Failure of calcium channel blockade to prevent intra-abdominal adhesions in ponies.
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Intra-abdominal adhesions were created by localized serosal trauma in 11 adult ponies at three locations on the small intestine. Six ponies received verapamil hydrochloride (0.2 mg/kg) subcutaneously every eight hours for three days, and five ponies received an equal volume of saline solution at the same intervals. The investigators were not informed which treatments the ponies received. Systolic, diastolic, and mean carotid arterial pressures and heart rates were measured six hours before surgery, and then 0.5, 1, 1.5, and 8 hours after the first treatment on each day for three days. One pony was euthanatized on day 13 because of colic, and the other 10 ponies were euthanatized 14 days after surgery. Scoring methods were used to assess the severity of adhesion formation and to grade the histologic appearance of the abraded sites. No significant differences were found for rectal temperature, packed cell volume, total plasma proteins, heart rate, and systolic, diastolic, or mean arterial pressures between control and verapamil-treated ponies. No significant differences were detected between the treatment groups for adhesion scores per abraded site, total adhesion scores per pony, the total number of adhesions per pony, or in the histologic scores.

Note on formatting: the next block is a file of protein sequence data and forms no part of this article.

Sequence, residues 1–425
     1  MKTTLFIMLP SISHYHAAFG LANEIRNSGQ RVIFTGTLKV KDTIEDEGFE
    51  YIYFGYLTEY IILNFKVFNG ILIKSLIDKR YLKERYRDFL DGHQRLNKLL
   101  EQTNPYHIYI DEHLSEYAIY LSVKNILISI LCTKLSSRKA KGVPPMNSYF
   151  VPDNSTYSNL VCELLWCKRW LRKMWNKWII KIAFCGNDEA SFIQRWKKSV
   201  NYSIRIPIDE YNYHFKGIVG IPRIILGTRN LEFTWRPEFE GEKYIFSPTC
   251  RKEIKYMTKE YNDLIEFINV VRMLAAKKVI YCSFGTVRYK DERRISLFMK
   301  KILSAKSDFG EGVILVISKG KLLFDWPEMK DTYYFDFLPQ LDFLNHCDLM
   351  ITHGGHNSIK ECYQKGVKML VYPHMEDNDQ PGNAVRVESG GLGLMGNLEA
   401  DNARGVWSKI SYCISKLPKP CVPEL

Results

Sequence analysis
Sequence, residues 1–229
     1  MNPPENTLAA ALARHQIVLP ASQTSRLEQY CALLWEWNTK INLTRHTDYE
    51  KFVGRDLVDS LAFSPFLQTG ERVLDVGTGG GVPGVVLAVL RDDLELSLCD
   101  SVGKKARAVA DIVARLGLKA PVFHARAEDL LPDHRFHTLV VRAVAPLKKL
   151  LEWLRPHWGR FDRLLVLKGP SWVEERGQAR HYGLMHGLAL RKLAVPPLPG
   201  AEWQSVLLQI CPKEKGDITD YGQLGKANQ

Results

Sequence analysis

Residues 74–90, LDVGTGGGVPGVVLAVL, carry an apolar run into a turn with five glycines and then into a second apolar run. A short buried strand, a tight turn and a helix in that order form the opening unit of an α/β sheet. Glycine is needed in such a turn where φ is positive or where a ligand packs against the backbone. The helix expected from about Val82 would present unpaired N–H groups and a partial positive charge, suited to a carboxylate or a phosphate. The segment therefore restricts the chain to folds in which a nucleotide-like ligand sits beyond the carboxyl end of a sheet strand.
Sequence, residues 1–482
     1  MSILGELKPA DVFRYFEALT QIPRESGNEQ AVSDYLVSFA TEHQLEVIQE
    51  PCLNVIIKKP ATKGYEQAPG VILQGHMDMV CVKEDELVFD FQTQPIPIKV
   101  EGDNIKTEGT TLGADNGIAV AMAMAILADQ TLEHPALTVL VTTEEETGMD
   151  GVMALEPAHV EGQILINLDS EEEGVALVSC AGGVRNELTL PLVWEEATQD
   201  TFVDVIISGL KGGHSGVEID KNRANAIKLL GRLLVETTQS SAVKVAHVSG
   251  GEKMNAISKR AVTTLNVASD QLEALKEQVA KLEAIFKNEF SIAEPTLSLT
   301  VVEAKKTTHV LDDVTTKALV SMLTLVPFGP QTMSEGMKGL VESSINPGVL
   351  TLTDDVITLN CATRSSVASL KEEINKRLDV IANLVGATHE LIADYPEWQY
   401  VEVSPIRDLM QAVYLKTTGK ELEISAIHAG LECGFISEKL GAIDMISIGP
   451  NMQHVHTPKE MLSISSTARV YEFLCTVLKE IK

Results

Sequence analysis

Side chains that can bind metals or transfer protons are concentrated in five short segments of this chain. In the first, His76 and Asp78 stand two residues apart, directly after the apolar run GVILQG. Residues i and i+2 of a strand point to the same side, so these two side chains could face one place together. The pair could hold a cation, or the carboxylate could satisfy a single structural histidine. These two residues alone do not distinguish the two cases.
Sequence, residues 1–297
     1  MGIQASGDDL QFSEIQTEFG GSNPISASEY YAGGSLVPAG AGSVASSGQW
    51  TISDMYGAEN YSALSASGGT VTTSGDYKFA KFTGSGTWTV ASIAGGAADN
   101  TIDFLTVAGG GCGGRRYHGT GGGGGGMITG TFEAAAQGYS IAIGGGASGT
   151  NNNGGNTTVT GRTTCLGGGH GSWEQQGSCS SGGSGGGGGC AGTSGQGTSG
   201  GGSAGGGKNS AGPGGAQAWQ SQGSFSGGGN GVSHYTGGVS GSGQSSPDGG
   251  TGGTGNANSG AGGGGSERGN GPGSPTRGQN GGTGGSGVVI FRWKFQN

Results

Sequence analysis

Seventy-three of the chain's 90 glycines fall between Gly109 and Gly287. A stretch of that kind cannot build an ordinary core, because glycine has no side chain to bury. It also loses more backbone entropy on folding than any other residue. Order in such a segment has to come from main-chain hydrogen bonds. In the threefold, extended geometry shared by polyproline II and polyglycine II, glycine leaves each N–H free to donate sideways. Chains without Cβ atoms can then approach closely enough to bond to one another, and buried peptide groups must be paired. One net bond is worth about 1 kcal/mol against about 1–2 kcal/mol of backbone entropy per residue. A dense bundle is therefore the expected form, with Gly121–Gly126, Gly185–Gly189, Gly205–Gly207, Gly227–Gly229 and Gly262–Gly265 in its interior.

author list (cited authors)
Baxter, G. M., Jackman, B. R., Eades, S. C., & Tyler, D. E.
complete list of authors
Baxter, GM||Jackman, BR||Eades, SC||Tyler, DE